• Maintain regular housekeeping practices, including routine cleaning and disinfecting of surfaces, equipment, and other elements of the work environment. When choosing cleaning chemicals, employers should consult information on Environmental Protection Agency (EPA)-approved disinfectant labels with claims against emerging viral pathogens. Products with EPA-approved emerging viral pathogens claims are expected to be effective against respiratory pathogens based on data for harder to kill viruses. Follow the manufacturer’s instructions for use of all
cleaning and disinfection products (e.g., concentration, application method and contact time, PPE).
Policies and Procedures for Prompt Identification and Isolation of Sick People
Prompt identification and isolation of potentially infectious individuals is a critical step in protecting workers, customers, visitors, and others at a worksite.
Managers should inform and encourage employees to self-monitor for signs and symptoms of any contagion if they suspect possible exposure.
If a worker suspects they are ill, or do not feel well, have a cough, fever, or have any cold/flu like symptoms; to notify their immediate supervisor, stay at home, and consult their doctor. If employees have been in contact with confirmed cases to also follow these same precautions.
Supervisors should discuss social distancing and risks of close contact with others. Some sites may choose to establish a “No Hand-Shake” policy during times of outbreak to limit exposure.
Procedures for immediately isolating people who have signs and/or symptoms of a contagious pathogen
• Move potentially infectious people to a location away from workers, customers, and other visitors. Although most worksites do not have specific isolation rooms, designated areas with closable doors may serve as isolation rooms until potentially sick people can be removed from the worksite.
• Take steps to limit spread of the respiratory secretions of a person who may have a virus. Provide a face mask, if feasible and available, and ask the person to wear it, if tolerated. Note: A face mask (also called a surgical mask, procedure mask, or other similar terms) on a patient or other sick person should not be confused with PPE for a worker; the mask acts to contain potentially infectious respiratory secretions at the source (i.e., the person’s nose and mouth).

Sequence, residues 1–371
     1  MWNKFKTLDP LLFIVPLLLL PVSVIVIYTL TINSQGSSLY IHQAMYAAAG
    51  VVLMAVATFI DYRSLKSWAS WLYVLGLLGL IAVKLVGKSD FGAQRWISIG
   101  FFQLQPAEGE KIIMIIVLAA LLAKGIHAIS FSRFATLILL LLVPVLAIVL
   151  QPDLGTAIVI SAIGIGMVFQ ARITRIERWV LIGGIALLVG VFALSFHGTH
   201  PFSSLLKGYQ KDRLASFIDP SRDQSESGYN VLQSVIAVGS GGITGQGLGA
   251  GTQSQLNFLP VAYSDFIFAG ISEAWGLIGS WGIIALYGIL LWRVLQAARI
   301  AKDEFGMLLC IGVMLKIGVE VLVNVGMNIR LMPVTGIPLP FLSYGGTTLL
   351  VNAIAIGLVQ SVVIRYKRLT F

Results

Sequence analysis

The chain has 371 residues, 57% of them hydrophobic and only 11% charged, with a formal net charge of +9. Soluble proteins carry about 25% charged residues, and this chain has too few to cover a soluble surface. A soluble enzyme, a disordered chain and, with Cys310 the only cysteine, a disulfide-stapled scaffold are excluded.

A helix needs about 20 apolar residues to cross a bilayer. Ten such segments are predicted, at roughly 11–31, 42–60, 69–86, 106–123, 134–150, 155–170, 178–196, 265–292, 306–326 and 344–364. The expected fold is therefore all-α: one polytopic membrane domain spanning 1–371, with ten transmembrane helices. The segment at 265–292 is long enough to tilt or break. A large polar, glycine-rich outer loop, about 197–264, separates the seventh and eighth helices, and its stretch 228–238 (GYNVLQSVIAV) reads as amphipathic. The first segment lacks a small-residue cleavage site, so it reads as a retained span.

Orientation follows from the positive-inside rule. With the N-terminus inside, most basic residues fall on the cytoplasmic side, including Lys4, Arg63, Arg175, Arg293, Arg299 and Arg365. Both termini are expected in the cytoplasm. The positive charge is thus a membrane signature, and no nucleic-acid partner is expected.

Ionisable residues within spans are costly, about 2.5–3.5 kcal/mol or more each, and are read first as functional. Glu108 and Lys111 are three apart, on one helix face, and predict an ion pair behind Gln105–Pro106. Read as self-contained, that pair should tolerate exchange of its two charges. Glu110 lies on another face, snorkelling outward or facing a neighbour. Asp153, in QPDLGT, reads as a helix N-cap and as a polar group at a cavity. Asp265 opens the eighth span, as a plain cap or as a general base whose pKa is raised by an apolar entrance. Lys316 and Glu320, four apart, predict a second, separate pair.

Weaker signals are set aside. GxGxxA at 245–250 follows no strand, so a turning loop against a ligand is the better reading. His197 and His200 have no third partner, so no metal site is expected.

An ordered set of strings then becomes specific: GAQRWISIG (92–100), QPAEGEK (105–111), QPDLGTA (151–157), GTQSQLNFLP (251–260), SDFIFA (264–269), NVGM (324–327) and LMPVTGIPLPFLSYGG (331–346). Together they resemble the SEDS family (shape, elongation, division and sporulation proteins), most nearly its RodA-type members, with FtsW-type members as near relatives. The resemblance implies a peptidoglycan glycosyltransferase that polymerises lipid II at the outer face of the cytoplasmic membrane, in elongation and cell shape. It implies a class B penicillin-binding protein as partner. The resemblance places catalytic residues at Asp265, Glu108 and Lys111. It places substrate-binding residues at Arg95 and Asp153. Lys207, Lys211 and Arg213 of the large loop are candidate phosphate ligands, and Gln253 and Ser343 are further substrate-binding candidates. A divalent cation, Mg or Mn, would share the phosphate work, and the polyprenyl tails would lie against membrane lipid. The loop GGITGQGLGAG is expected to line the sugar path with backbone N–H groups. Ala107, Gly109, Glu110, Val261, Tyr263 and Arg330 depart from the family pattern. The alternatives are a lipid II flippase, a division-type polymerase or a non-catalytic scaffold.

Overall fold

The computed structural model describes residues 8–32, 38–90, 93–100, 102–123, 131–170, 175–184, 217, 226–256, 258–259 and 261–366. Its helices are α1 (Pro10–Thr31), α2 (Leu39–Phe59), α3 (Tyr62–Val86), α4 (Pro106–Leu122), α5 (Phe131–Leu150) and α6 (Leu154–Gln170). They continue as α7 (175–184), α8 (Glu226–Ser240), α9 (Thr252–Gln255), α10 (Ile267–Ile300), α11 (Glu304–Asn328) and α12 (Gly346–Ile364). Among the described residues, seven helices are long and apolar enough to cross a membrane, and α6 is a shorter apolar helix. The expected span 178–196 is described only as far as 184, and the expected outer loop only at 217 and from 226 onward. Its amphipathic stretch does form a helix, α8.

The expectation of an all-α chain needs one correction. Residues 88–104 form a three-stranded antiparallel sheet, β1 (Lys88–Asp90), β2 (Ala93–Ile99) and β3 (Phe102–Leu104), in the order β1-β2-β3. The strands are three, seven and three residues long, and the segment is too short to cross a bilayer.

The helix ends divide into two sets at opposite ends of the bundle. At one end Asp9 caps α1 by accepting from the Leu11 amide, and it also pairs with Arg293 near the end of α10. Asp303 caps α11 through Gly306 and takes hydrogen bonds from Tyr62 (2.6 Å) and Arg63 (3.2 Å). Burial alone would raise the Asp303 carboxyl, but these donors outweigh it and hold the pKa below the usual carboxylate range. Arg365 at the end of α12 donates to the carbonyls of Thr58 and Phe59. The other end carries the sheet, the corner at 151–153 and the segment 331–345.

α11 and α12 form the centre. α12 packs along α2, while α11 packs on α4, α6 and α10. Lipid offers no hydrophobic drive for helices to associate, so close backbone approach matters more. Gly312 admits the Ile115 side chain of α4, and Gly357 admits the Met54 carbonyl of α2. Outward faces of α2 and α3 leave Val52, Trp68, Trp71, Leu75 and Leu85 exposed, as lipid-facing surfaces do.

• If possible, isolate people suspected of having a contagious disease separately from those with confirmed cases of the virus to prevent further transmission—particularly in worksites where medical screening, triage, or healthcare activities occur, using either permanent (e.g., wall/different room) or temporary barrier (e.g., plastic sheeting).
• Restrict the number of personnel entering isolation areas. • Protect workers in close contact with (i.e., within 6 feet of) a sick person or who have
prolonged/repeated contact with such persons by using additional engineering and administrative controls, safe work practices, and PPE. Workers whose activities involve close or prolonged/ repeated contact with sick people are addressed further in later sections covering workplaces classified at medium and very high or high exposure risk.
Develop, Implement, and Communicate about Workplace Flexibilities and Protections
When faced with a contagious disease outbreak, supervisors shall:
• Actively encourage sick employees to stay home.
• Ensure that sick leave policies are flexible and consistent with public health guidance and that employees are aware of these policies.
• Talk with subcontractors, suppliers, and vendors about the importance of sick employees staying home and encourage them to develop non-punitive leave policies.
• Do not require a healthcare provider’s note for employees who are sick with acute respiratory illness to validate their illness or to return to work, as healthcare provider offices and medical facilities may be extremely busy and not able to provide such documentation in a timely way.
• Maintain flexible policies that permit employees to stay home to care for a sick family member. Employers should be aware that more employees may need to stay at home to care for sick children or other sick family members than is usual.
• Be aware of workers’ concerns about pay, leave, safety, health, and other issues that may arise during infectious disease outbreaks. Provide adequate, usable, and appropriate training, education, and informational material about business-essential job functions and worker health and safety, including proper hygiene practices and the use of any workplace controls (including PPE). Informed workers who feel safe at work are less likely to be unnecessarily absent.
Implement Workplace Controls
The best way to control a hazard is to systematically remove it from the workplace, rather than relying on workers to reduce their exposure. During an outbreak, when it may not be possible to eliminate the hazard, the mo